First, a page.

Mammals are affected too: bird flu causes mass mortality

Mammals are affected too
Avian influenza causes mass deaths

In the shadow of the Corona pandemic, another virus is spreading: H5N1, also known as bird flu virus, killing millions of animals worldwide. It also infects litter mammals. Experts are concerned that the virus can also be transmitted to humans.

Some holidaymakers at Easter may have noticed it while walking along the coasts and waters: dead waterfowl, and sometimes several birds a few meters away. However, millions of birds have been dying for months unnoticed by most people – not only in Germany and Europe. The cause of mass deaths among ducks and geese as well as swans, robins and cranes is avian influenza, which is caused by the H5N1 virus. The current wave of infection with the highly pathogenic H5N1 virus is unprecedented with its rapid spread and extremely high frequency of outbreaks in poultry and wild birds and represents a potential ongoing threat to humans, write Michael Weil and Ian Barr of the University of Melbourne in the journal Science.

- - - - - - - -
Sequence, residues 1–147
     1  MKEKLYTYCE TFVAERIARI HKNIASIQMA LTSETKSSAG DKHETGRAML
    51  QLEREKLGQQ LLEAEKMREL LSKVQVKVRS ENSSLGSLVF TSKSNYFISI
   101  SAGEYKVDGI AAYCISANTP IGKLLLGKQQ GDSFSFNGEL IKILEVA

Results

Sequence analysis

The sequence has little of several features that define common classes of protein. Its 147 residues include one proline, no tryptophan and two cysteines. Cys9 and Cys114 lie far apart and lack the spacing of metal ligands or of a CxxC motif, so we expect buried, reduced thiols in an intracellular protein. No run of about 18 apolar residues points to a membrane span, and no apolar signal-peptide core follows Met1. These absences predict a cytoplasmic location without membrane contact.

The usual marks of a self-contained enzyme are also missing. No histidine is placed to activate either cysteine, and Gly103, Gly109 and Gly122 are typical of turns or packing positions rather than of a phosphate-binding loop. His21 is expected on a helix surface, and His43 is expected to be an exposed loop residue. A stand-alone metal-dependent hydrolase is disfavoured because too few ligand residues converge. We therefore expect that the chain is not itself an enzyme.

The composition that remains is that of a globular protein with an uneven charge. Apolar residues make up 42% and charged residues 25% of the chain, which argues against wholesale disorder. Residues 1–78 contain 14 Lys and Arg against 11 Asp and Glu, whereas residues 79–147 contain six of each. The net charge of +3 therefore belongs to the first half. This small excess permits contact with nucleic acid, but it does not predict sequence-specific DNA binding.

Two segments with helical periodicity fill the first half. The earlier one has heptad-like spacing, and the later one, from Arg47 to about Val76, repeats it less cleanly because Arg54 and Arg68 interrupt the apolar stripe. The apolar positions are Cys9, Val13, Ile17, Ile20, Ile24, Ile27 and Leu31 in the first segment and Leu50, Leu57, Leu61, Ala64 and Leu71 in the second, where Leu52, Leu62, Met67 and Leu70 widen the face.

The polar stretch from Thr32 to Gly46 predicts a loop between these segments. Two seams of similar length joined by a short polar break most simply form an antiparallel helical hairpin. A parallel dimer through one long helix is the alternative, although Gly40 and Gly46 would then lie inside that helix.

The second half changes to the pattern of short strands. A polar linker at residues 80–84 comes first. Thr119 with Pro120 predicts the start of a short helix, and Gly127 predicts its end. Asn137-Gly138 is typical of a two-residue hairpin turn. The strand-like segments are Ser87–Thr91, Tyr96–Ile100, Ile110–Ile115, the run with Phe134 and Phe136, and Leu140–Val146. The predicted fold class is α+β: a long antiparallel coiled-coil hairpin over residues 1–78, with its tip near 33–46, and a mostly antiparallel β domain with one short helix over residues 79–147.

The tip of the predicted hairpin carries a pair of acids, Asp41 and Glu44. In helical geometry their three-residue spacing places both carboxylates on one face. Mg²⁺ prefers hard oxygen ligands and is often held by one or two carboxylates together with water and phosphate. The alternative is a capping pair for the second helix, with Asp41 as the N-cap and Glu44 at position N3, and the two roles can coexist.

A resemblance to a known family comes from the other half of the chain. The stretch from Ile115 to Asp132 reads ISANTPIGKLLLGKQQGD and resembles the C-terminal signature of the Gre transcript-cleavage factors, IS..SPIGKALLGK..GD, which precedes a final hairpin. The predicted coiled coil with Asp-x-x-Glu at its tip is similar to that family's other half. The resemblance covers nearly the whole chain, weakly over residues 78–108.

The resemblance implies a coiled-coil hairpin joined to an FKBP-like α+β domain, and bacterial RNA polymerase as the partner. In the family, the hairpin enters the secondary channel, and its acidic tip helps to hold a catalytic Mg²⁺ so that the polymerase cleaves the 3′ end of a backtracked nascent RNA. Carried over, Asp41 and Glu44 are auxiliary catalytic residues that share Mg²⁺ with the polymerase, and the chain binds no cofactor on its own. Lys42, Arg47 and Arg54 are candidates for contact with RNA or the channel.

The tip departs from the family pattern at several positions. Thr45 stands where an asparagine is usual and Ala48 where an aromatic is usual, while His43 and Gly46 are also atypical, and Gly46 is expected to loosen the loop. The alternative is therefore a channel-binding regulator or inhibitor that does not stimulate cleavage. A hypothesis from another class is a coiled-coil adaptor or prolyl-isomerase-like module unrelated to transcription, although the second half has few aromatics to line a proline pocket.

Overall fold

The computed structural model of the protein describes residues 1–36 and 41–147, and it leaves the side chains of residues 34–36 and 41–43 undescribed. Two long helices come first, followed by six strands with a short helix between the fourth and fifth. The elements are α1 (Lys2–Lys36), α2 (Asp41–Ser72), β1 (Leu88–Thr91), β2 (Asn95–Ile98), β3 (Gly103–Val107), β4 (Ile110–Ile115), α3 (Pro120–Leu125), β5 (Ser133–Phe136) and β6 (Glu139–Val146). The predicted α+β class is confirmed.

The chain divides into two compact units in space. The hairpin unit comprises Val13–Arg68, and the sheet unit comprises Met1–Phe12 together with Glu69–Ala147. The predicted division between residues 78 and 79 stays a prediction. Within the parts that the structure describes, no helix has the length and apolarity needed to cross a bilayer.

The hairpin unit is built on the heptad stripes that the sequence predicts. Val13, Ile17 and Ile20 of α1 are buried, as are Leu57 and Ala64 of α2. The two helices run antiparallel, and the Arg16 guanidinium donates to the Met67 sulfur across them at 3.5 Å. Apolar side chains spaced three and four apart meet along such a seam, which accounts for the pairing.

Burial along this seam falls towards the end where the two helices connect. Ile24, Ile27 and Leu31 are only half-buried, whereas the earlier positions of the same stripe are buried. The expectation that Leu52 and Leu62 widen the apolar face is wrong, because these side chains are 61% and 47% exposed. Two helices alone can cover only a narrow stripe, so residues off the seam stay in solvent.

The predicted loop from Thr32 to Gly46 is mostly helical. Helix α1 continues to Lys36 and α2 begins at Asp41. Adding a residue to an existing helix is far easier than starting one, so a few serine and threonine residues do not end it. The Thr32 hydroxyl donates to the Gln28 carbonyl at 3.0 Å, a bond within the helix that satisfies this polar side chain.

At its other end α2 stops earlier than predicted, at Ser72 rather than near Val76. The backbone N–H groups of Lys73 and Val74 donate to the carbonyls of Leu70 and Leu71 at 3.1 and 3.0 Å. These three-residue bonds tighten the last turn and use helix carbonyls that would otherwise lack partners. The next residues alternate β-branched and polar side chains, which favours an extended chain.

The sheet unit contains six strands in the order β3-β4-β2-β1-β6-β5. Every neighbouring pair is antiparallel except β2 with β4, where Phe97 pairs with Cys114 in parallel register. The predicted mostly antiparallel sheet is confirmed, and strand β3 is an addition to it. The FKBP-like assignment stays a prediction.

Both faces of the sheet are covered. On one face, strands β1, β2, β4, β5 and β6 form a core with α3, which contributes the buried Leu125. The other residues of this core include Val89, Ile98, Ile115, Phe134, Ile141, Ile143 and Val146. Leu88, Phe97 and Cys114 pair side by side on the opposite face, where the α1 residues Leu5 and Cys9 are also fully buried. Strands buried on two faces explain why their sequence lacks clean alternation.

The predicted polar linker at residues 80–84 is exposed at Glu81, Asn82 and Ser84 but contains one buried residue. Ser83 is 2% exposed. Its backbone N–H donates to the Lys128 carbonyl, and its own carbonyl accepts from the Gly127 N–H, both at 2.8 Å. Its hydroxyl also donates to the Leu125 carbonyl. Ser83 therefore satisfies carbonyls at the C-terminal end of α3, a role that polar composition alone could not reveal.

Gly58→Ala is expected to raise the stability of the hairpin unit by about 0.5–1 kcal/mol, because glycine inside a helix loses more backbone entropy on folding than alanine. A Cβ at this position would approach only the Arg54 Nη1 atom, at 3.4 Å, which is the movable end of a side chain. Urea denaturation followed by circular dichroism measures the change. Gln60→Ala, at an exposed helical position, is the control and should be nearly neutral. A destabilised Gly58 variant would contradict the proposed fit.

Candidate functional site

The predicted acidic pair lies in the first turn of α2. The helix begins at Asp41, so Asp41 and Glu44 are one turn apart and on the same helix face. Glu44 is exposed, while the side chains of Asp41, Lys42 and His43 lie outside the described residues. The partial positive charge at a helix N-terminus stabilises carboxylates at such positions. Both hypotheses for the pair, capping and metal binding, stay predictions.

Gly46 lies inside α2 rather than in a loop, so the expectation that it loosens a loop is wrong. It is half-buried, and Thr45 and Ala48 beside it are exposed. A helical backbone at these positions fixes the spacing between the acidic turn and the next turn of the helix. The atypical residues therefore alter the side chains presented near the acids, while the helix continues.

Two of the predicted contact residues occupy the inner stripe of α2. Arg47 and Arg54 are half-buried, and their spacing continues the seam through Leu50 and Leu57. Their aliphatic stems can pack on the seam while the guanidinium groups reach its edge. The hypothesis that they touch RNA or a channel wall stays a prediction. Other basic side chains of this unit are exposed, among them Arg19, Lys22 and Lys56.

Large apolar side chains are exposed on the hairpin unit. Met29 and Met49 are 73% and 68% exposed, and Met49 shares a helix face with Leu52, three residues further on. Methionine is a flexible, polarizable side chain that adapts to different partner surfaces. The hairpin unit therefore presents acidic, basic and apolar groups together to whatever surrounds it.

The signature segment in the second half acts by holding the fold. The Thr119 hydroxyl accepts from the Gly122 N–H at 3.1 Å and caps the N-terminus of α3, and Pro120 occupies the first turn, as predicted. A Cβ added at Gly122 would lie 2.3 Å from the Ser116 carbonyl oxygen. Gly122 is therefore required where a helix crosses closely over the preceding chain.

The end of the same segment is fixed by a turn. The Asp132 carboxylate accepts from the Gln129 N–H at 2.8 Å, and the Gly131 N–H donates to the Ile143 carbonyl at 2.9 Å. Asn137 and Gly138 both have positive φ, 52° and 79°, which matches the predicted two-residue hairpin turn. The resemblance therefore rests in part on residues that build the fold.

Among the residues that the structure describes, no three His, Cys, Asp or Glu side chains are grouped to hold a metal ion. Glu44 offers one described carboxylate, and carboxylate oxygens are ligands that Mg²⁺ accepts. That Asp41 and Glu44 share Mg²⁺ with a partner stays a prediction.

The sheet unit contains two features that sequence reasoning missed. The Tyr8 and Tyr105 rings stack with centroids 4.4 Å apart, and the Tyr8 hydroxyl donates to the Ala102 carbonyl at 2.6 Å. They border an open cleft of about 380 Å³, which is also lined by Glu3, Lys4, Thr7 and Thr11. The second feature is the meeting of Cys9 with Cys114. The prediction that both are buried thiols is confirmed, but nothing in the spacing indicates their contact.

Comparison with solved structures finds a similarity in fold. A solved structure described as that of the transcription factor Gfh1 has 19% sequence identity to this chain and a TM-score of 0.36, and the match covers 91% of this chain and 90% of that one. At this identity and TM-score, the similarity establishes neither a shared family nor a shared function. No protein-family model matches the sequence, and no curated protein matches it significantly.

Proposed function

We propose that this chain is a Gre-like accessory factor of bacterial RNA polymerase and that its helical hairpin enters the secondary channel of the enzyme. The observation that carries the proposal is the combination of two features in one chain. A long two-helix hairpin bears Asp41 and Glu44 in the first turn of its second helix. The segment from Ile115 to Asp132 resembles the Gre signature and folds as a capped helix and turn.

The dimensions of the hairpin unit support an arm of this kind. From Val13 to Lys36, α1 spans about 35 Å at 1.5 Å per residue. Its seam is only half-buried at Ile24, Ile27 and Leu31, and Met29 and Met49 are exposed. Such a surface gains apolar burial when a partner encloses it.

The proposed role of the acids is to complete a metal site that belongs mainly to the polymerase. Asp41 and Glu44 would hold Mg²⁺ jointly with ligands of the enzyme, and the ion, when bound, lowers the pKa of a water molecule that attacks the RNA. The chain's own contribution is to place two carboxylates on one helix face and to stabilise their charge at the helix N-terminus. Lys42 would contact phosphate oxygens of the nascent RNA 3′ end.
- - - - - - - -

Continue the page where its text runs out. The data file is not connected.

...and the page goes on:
Transmission of the pathogen from birds to humans has been rare in the past two decades and persistent person-to-person transmission has not yet been documented — but highly pathogenic avian influenza viruses pose a potential epidemic risk, scientists warn. Further adaptation to the currently circulating form of the virus could increase its ability to transmit efficiently from person to person.

So far, the Friedrich Loeffler Institute (FLI) on the island of Rim knows only the case of a 79-year-old man from southwest England who, at the beginning of the year, contracted bird flu. which are currently circulating after direct and prolonged contact with sick poultry. The UKHSA has warned against touching sick or dead birds.

Mammals are injured more than usual